Parents, teachers out of money after summer camp shuts down

BBB: Camp owner has history of taking fees for camps that were shut down

MIAMI – The Better Business Bureau issued a summer camp consumer alert following nationwide complaints about Be Inspired Cultural Arts.

The complaints allege that Be Inspired camps were not delivering services as advertised and closed abruptly without prior notice to parents.

Lissette Ramos was camp director for the camp in Miami, which was located at the University of Miami Fieldhouse at the BankUnited Center in Coral Gables.

"Just the fact it was hosted at UM, I think that's what kind of drew me in," said Ramos. "It's close to home (and) it is a safe environment."

Ramos said staff members had to scramble to purchase their own supplies for the 51 kids in the camp after the company failed to deliver.

"Once we knew we weren't getting supplies, we all went home, we started bringing in our own supplies, we would stop and buy supplies. I was paying almost $15 a day for copies, you know so the kids would have something to do," said Stephanie Farrington, a school teacher and employee at Be Inspired camp.  "The whole cultural activities, I thought was a good idea, but it wasn't being done."

Staff also told Local 10 News that the company's owner was not paying them for their work.

The camp closed after just two weeks, leaving staff without being paid, parents out of money and kids disappointed.

"The summer camp seemed like a great place to work at and the kids were excellent. It's a shame that this turned into such a nightmare for the employees, parents and children," elementary school teacher Nathalie Louie said. "Most of the employees were left without work or had to find other last minute summer employment as most are Miami-Dade public school teachers."

The BBB found that the owner of the camps, Quinton Cox, has a history of taking fees for camps that ultimately were not held.

"We worked so hard. We said to him we cannot continue to work for him if he doesn't plan on paying us," said Ramos. "How could he do this children? How could he do this to parents that paid for certain activities?"

A Miami mother, Dacia Simpson, told the BBB that she is out over $210 dollars and several other parents told Coral Gables police that they were collectively out more than $1,700.

One South Florida father told the Attorney General's Office that he was out $450, adding that the business didn't offer any of the services it claimed it would.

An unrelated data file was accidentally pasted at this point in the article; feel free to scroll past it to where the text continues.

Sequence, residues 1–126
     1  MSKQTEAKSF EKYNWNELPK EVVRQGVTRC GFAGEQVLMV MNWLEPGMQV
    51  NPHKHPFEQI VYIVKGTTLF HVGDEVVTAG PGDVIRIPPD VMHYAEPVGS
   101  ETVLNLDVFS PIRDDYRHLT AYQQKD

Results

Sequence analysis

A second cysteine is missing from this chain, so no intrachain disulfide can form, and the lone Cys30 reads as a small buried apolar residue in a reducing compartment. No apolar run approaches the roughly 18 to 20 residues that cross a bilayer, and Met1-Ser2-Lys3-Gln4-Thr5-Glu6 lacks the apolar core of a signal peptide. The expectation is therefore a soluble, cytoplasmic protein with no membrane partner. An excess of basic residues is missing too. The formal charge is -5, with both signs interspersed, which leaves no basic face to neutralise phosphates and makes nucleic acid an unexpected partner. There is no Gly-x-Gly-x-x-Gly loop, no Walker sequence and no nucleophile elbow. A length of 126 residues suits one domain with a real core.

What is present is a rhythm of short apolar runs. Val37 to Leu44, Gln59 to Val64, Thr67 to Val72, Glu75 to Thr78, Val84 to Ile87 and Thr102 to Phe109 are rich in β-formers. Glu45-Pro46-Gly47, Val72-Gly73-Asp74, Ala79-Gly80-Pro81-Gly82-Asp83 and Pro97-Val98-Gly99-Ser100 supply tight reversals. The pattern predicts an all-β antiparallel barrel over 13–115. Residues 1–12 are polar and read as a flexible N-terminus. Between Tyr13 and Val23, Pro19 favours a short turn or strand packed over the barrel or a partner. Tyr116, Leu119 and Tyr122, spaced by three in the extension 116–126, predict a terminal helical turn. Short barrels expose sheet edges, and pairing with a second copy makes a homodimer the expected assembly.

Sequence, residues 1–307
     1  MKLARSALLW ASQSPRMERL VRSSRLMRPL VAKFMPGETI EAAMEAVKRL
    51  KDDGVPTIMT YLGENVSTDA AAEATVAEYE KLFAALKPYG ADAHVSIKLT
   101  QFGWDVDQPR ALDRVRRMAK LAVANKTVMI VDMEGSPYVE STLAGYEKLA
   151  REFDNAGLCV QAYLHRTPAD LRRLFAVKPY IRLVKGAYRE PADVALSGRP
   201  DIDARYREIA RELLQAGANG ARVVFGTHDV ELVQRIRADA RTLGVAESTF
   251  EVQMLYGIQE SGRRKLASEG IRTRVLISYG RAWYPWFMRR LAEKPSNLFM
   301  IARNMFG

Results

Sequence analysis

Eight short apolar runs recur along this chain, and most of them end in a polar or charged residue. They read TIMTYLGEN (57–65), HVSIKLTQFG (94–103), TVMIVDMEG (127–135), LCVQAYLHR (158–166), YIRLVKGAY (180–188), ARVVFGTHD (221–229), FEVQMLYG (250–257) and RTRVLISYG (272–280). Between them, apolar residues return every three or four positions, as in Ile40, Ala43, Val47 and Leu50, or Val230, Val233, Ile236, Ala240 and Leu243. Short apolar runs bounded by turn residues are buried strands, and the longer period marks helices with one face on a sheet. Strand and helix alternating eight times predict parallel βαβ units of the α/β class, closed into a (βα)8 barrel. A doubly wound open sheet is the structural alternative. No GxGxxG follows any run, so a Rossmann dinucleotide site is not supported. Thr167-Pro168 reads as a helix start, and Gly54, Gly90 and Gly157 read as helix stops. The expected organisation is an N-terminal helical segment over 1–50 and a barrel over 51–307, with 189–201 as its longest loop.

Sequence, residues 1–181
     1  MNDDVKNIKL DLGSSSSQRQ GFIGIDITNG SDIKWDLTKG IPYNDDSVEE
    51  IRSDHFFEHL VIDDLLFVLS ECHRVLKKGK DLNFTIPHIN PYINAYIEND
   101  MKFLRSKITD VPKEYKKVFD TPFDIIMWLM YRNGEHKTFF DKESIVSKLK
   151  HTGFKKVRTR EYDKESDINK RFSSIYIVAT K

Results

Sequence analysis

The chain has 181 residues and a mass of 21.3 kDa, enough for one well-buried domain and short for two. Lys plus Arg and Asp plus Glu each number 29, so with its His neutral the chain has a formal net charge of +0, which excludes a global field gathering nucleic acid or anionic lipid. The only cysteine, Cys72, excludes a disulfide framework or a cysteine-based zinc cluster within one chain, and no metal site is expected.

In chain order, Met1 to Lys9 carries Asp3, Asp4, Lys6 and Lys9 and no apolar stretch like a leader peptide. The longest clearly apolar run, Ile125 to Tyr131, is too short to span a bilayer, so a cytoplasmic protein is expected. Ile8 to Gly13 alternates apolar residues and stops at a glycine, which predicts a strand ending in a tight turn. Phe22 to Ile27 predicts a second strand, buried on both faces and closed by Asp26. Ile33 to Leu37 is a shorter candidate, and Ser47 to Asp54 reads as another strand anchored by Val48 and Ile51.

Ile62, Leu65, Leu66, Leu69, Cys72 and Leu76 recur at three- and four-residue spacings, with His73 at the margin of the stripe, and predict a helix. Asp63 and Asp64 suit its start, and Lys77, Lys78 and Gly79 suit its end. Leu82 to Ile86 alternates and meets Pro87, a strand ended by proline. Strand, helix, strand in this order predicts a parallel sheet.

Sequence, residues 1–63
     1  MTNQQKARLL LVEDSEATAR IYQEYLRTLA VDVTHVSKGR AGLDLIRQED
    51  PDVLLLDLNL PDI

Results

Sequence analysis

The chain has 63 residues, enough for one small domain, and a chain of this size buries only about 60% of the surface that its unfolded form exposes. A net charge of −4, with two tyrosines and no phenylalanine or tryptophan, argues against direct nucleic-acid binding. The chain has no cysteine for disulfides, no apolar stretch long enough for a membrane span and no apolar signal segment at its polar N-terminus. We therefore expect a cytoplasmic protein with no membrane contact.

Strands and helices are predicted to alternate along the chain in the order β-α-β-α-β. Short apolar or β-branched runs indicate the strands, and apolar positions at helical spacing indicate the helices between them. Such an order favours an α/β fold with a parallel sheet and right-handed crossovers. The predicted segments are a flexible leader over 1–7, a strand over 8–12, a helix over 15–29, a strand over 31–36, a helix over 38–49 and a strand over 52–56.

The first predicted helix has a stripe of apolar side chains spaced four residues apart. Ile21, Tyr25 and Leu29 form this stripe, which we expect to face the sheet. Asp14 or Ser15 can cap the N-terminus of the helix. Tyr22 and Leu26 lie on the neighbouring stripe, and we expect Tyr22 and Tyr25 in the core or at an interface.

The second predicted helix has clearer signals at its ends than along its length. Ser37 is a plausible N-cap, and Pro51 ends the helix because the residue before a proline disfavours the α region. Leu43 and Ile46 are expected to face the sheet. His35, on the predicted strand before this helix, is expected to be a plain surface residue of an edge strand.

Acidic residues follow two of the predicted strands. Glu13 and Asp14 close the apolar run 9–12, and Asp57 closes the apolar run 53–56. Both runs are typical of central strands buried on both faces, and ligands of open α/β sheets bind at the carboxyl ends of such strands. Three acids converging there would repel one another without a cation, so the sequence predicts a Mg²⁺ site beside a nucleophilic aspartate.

"Now I have to find another camp and pay fees again," he said. "The University of Miami who affiliated themselves with it is not responding and already mentioned that it is not their problem. They did not vet their vendors and do not care about the bad name they will get from it."

UM officials told Local 10 News it would not comment on the situation.

The BBB gave Be Inspired camps an "F" rating for failing to respond to complaints filed with them.

Employees thought the camp was authentic due to its location. With an average of 51 kids ranging from the ages of 3 to 15, the staff had to bring things from home because nothing was provided by the camp.

According to a Coral Gables police report, parents with kids at the camp were out anywhere from $310 to $644.

Local 10 News has yet to receive a response from Be Inspired Cultural Arts.

BBB reminds parents to check with BBB prior to paying fees to a camp or organization. If past problems resulted in a poor BBB rating, a quick and free check of their BBB review would provide warning ahead of time, and may save you from losing money and being stuck with no place for your kids to go during the summer.

BBB tips for choosing a summer program or day camp:

  • Find out how long the camp has been in business and check with parents of past and returning campers. Find out the camper return rate as well as the counselor return rate
  • Check with the BBB prior to paying any fees to find out about the camp's handling of complaints and its trustworthiness.
  • Visit the camp before making a decision. Remember that many universities and schools rent space to outside parties. That doesn't mean the camp is affiliated with the school.
  • Assess the quality and commitment of the staff including the director's background, criteria used for hiring staff, the ratio of staff to campers, the staff's level of expertise in the specific area for specialty camps, and whether the camp does background checks on employees.
  • Know the fees.  What is the total cost of tuition? Is your deposit refundable? Are there extra charges for any activities? Are meals and transportation included? Will your child need additional money while at camp? Is financial aid available?
  • Check the condition and safety of the facilities and equipment.
  • Ask to see a typical daily schedule. Note the camp hours, the variety of activities that are planned, the age range of the campers, what type of food is served, the pace of the day and any transportation that is involved.
  • Be familiar with the camp philosophy. Know what the camp's goals are and how each program offered meets those goals.

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